STEM Friday

Science, Technology, Engineering, and Mathematics Books


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Rocket Shoes Fiction Inspires STEAM Activities

Generally we feature nonfiction books here at STEM Friday, but that doesn’t mean a good fiction picture book can’t be used to promote STEM.

Take Rocket Shoes by Sharon Skinner and illustrated by Ward Jenkins.

José works hard to buy a pair of special rocket shoes. They are a blast. His neighbor thinks they are too dangerous, however, and talks the mayor into banning them. When the same neighbor gets into trouble during a snow storm, will José break the rules and put on his shoes to save the day?

This book has it all. It features diverse characters, text full of action verbs and catchy rhymes, just the right touch of humor, plus readers learn about conflict resolution in a lighthearted way (not at all pedantic). What more could you ask for?

How about plenty of potential to tie-in STEAM activities?  Check out Wrapped in Foil blog for suggestions for just a few of the many STEAM activities that could be inspired by the book. It is sure to fire up a child’s imagination.

Rocket Shoes is such a fun book that it will fly off the bookshelf. Share a copy with a young reader today!

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New Titles in Nomad’s Picture Book Science Series

Today we have four new titles in the Picture Book Science series by Andi Diehn and illustrated by Shululu (Hui Li). They will be coming out March 1, 2018.

Energy, Forces, Matter, and Waves will appeal to the young reader who loves to learn about words. Andi Diehn has a BA in English and an MFA in Creative Writing, so her approach is to make vocabulary shine. The titles start with a lively poem to introduce the topic. Next, the author shows how words can have one or more meanings in everyday usage. Finally, she exposes readers to the more specific definitions of the terminology as it is used in the physical sciences and delves into the concepts.

The creative and textured illustrations by Shululu (the pen name of artist Hui Li) add just the right amount of fun to every page.

“Try This” sidebars with instructions for simple hands-on activities are included in each book to encourage children to explore the concepts further.

Overall, this series would be perfect for children who are struggling to understand scientific vocabulary or needing a quick introduction to the physical sciences. Because these books introduce, define, and clarify concepts, they provide an important first step to scientific discovery.

For more information about each individual book, see our review at Wrapped in Foil blog. For more activities to accompany each book, see Growing with Science blog.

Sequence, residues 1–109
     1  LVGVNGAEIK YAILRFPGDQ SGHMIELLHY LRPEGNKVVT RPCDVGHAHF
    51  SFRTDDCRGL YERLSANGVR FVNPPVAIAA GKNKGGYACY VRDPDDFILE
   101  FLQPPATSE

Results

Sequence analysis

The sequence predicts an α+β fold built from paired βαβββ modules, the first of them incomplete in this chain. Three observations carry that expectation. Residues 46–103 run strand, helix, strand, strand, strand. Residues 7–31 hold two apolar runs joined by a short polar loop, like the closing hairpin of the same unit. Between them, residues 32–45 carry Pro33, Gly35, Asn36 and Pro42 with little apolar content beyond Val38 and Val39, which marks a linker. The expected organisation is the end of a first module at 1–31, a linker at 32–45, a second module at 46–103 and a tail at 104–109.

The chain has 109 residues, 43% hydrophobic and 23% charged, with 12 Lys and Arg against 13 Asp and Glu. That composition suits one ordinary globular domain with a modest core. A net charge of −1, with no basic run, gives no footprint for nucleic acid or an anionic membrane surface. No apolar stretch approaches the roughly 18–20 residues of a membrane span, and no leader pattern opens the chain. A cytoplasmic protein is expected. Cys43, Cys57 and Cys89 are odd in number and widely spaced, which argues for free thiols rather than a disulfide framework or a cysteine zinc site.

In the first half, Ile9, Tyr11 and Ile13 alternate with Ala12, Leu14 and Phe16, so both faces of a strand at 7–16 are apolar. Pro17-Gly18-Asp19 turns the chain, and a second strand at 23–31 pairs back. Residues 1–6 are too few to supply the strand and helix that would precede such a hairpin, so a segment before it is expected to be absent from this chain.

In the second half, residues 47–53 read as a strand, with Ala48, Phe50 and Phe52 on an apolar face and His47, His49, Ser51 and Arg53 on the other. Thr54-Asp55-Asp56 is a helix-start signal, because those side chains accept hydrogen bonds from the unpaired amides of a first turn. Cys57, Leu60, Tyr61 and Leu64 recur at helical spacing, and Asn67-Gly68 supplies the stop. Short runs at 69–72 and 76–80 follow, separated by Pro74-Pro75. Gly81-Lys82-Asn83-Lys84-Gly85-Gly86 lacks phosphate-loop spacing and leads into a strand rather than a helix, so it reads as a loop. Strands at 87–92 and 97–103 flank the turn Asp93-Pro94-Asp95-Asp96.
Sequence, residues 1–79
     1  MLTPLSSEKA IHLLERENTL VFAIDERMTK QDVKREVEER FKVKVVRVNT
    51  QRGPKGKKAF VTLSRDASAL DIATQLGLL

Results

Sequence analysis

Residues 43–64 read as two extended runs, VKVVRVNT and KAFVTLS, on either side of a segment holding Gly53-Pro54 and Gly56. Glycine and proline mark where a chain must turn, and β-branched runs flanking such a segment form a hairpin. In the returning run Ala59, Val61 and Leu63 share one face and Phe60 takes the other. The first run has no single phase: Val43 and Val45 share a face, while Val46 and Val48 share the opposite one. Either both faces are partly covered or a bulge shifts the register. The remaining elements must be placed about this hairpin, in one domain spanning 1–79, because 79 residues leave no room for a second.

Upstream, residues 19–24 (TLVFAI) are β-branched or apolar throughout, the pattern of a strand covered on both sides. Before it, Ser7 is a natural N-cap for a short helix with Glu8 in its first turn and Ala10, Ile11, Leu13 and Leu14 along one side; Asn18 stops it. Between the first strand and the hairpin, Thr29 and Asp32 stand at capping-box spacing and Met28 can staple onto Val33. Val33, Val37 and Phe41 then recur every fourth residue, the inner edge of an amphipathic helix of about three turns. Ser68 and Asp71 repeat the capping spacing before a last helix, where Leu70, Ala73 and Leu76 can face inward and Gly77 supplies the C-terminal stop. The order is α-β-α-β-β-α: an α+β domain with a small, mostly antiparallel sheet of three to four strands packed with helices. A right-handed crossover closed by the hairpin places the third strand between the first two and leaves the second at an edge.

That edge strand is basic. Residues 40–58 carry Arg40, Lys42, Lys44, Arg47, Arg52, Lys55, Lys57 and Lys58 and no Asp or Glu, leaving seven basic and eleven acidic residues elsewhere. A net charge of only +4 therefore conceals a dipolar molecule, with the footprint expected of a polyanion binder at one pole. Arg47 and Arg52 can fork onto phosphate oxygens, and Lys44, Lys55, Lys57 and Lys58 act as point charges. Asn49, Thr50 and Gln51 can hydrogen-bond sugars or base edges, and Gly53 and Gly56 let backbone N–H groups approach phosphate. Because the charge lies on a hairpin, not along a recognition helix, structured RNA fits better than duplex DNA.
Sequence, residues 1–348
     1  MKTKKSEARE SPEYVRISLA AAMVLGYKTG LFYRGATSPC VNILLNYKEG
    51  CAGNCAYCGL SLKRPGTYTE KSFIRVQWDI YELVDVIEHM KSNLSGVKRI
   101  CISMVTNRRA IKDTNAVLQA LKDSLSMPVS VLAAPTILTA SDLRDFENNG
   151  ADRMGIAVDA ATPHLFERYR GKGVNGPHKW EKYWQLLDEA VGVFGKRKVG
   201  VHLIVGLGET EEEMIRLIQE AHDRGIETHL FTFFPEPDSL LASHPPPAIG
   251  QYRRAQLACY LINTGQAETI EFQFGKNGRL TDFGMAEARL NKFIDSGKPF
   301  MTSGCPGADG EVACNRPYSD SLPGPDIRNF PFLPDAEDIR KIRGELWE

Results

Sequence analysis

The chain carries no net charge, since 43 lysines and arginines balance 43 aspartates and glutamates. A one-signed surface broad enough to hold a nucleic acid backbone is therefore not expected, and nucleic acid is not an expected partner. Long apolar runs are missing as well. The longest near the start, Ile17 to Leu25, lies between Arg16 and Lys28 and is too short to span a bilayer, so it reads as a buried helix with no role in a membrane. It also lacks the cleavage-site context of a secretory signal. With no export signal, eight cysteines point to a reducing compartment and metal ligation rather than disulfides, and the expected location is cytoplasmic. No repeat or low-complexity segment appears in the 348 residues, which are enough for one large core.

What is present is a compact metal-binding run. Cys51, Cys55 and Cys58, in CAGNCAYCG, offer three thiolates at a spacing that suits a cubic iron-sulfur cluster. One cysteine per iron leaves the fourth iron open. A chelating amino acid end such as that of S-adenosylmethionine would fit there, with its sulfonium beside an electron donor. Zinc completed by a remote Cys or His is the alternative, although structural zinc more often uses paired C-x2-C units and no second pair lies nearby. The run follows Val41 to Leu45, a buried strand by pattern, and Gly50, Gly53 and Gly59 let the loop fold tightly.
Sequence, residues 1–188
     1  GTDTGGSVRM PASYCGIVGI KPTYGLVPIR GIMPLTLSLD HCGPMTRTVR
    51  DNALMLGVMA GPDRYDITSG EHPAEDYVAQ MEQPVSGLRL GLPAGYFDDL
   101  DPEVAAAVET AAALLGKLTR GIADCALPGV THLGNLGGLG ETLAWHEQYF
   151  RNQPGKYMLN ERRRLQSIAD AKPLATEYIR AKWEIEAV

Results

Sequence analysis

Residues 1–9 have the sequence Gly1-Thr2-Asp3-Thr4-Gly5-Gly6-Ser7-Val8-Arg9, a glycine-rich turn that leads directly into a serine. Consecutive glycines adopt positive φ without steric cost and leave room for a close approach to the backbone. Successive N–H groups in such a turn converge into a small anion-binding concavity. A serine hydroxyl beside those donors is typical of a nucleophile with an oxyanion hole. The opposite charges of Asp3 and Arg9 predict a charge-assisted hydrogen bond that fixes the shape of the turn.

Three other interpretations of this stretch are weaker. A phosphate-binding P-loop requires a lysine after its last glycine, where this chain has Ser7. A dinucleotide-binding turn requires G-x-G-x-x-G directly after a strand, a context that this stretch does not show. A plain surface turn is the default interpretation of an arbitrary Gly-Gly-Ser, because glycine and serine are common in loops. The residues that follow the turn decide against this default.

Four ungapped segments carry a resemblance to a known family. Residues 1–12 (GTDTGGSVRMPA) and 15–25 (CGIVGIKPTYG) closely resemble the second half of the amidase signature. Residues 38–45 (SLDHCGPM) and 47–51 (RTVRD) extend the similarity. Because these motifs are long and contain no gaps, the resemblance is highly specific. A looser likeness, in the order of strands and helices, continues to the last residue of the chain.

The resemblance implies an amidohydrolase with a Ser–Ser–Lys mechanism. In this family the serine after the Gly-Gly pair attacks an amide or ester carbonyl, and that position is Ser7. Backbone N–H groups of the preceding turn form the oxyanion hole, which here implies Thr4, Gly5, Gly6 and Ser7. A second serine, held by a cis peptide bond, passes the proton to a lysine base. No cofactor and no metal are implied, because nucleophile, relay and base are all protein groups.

Vicki Cobb’s How Could We Harness a Hurricane?

At Growing with Science blog we are featuring a 2018 Best STEM Book K-12 (National Science Teachers Association and the Children’s Book Council): How Could We Harness a Hurricane? by Vicki Cobb.

Hurricanes have certainly been in the news. This middle grade title is for kids who are looking for a deeper understanding of extreme weather. It not only explains what a hurricane is, but also offers discussions about whether we can stop hurricanes from forming, whether we can harness their energy, and whether we should we even try to “mess with Mother Nature.”

What I love about it is that it’s filled with hands-on experiments for those kids who learn by doing. For example, there’s an experiment to show how hot water flows through cold water, and a way to try Torricelli’s experiment.

How Could We Harness a Hurricane? investigates some difficult questions. It is perfect for older kids who want to seriously learn about hurricanes.

Be sure to visit Growing With Science for suggestions for activities and resources to accompany the book.

 


Explore Light Pollution Issues With Dark Matters

At Growing With Science today we are featuring a timely new book for middle grades, Dark Matters:  Nature’s Reaction to Light Pollution by Joan Marie Galat.

 

Set up a bit differently than most nonfiction, each chapter in Dark Matters starts with Joan’s reminisces about her childhood experiences with night and lights. The personal stories draw in young readers and help give perspective to the more technical informational sections that follow. They also remind the reader that our environment is changing from one generation to the next. Young children may never have seen the Milky Way because light pollution is so prevalent.

After establishing what light pollution is, Galat reveals how excessive artificial lights at night can harm not only nocturnal animals such as bats and fireflies, but also day-active animals, such as birds. In some places birds end up singing all night because they are confused by excessive lights. In other places migrating birds crash into tall building at night, plunging to their deaths in vast numbers. Throughout the book she reveals many examples of how our environment is being harmed by excessive artificial light.